Tuesday, December 13, 2011
Fudge-Turner: What’s Really at Stake?
I start this post fresh from my unannounced but necessary pre-holiday hiatus with renewed energy and a heightened sense of urgency. Real Deal readers should rest assured that even when output slows, inputs continue unabated. It is my hope that occasional time off heralds a sharper perspective upon my return. But you, Real Deal followers, are the ultimate judge of that.
I began blogging in earnest back in November 2009. I had become by turns disheartened, perplexed and finally aroused by the failure of the county Democratic Party to act with swift resolve to denounce and remove Jimmy Dimora and Frank Russo from party positions which made the whole party a convenient piñata for pundits and Republicans.
So I got off my proverbial couch and started going to various Democratic Party functions, asking questions and looking for answers. I visited offices of various elected officials, county and city of Cleveland. And I tracked down and got involved in with a random group of party activists who eventually evolved into an effective but short-lived caucus under the banner Cuyahoga Democrats for Principled Leadership.
[Column interlude: last week evidence of reform was on public display at the county Democrats’ Executive Committee meeting at Music Hall. Not every incumbent was unchallenged, one — Juvenile Court Judge Joseph F. Russo saw his opponent endorsed — and party chair Stuart Garson suffered with good humor when the will of the body contradicted his own preference for an measured and orderly process.]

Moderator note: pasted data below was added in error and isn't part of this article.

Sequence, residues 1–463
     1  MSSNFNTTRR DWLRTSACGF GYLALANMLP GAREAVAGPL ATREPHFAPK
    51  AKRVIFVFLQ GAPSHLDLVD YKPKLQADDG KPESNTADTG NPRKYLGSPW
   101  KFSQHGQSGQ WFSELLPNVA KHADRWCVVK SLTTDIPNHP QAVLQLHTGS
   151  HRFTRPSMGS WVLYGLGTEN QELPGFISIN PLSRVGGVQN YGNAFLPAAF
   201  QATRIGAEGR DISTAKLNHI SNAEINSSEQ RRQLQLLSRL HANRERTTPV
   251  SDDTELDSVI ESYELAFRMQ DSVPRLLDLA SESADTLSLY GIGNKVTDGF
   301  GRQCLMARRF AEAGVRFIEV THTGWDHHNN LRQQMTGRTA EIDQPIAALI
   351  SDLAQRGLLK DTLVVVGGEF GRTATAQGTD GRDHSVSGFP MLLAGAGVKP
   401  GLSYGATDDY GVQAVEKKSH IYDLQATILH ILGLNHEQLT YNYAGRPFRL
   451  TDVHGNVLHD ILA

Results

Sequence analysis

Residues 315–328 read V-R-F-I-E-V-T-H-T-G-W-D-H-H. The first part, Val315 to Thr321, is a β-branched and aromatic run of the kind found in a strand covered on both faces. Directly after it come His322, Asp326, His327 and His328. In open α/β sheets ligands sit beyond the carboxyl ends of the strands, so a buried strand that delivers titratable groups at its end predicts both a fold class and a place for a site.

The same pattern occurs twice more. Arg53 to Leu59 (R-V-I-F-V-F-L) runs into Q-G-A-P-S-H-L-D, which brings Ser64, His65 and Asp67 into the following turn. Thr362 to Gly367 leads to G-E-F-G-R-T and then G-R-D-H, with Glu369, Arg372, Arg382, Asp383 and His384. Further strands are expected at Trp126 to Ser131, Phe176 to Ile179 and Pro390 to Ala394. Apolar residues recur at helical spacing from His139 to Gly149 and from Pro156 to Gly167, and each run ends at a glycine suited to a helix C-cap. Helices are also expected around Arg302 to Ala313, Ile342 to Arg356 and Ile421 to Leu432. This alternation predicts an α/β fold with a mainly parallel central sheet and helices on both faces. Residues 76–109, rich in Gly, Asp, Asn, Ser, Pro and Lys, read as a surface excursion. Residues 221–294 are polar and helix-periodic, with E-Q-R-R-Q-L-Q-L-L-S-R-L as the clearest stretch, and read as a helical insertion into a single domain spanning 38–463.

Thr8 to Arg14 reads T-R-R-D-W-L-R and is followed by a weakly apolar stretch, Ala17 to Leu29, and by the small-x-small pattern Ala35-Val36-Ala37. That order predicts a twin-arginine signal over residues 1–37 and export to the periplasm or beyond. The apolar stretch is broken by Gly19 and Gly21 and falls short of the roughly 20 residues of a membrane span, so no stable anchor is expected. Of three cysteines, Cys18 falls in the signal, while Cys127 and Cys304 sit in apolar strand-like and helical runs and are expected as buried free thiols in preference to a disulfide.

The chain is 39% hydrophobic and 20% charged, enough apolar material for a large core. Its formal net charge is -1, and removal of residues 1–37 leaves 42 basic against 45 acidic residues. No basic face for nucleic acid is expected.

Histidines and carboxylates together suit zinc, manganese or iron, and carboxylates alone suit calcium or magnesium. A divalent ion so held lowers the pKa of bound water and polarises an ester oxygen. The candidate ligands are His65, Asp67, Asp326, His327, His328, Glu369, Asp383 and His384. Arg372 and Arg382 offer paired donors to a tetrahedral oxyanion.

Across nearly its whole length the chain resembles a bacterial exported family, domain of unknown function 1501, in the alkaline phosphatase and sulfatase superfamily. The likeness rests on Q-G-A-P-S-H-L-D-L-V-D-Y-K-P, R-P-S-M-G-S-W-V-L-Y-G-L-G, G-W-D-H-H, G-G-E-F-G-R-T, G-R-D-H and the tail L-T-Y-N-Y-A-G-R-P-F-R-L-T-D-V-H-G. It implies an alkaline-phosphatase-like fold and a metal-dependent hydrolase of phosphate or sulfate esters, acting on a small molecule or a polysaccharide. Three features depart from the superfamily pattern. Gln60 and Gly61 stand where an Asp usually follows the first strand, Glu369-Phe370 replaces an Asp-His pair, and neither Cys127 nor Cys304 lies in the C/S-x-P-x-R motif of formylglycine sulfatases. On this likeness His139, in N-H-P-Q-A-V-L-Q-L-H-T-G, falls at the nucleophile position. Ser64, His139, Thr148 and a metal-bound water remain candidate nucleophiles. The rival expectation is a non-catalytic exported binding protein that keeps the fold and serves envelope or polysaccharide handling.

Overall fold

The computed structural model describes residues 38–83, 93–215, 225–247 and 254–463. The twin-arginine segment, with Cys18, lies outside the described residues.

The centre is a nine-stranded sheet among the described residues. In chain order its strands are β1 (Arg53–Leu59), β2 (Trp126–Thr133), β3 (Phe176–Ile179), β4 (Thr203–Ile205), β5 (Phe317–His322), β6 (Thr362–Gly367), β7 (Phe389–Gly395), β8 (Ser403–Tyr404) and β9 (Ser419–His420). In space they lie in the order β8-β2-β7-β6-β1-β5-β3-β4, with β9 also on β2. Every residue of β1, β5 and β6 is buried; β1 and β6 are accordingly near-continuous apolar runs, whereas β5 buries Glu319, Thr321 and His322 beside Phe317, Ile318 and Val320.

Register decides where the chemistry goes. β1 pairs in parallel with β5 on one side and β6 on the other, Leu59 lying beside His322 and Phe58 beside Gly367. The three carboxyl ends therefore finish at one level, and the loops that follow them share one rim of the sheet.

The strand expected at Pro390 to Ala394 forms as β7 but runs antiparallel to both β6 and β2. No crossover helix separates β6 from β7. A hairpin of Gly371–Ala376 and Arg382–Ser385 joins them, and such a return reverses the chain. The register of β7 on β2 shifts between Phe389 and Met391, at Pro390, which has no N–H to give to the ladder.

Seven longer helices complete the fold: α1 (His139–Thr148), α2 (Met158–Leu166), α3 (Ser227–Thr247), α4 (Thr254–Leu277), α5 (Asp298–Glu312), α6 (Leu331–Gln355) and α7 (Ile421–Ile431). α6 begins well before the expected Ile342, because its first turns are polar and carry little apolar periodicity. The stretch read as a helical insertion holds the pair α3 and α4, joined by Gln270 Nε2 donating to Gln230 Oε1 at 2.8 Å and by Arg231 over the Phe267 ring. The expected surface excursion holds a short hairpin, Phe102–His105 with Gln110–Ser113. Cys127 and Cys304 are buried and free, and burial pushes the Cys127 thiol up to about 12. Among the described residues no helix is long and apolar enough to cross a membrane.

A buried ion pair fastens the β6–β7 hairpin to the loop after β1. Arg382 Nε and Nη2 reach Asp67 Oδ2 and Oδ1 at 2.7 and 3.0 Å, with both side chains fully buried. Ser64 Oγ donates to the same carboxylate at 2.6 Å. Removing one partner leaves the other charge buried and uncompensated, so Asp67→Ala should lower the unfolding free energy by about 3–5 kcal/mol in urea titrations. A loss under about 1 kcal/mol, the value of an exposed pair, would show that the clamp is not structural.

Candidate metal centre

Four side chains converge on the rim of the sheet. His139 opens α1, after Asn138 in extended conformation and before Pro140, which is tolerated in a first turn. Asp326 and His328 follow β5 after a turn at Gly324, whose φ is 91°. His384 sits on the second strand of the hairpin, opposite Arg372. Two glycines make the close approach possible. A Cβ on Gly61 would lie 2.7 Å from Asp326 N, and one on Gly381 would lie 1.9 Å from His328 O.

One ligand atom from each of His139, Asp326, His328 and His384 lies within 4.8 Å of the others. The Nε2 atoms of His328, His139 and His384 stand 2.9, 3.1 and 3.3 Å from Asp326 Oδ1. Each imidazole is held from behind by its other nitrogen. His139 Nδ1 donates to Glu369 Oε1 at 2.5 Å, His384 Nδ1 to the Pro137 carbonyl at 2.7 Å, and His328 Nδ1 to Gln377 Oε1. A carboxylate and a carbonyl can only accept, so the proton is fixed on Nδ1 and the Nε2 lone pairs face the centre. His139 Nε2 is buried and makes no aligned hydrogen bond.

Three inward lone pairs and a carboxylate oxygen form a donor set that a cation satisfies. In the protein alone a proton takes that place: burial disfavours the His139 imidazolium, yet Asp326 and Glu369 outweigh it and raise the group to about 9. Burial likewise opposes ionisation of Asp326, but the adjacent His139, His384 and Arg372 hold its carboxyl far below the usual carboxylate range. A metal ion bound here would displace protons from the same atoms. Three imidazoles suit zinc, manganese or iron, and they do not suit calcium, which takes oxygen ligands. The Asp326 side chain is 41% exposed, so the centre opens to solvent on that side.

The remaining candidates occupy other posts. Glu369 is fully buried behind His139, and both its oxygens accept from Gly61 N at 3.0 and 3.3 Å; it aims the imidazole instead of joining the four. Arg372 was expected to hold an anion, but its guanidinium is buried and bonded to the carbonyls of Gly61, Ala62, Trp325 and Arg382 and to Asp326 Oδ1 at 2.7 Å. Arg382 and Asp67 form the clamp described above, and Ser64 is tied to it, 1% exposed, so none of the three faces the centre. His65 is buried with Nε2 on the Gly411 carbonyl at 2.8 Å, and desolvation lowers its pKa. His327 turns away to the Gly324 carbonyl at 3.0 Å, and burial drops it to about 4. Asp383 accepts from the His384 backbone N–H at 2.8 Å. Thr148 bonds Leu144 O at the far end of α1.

Looking at Cuyahoga County politics of course requires an examination of black politics, unless you restrict yourself to local Republicans, all of whose significant black players could fit inside a nice-sized powder room.
And when you look at local black politics, you see problems. Big-time problems. Disorganization. Disunity. Disconnectedness. Ineffectiveness. Perpetual Reaction Mode. All of this forms the backdrop for the most exciting political development in the black community in twenty years [Mike White-George Forbes face-off in Cleveland’s 1989 mayoral election.]
By exciting political development I refer of course to Nina Turner’s Democratic primary challenge to Marcia Fudge’s bid for a third Congressional term.
Let me state clearly on the record that if the election were held today, I am uncertain which of these public servants would get my vote. I am neither anti- one or pro- the other. I am pro-Cleveland, pro-Cuyahoga County, and pro-African American community. I am anti-entitlement and anti-establishment where either means the status quo.
My esteemed friend Dick Peery articulated a view in this forum early this month in a comment to my post on Fudge’s then-pending reelection announcement. I don’t know the habits of Real Deal readers with respect to reading comments. [I do know that I love them, read every one, answer virtually all of them, and wish there were more! I know that not everyone has the time or energy to state a reasoned view; I do know that we need a space for intelligent exchange of community views, and that remains for me a constant goal.]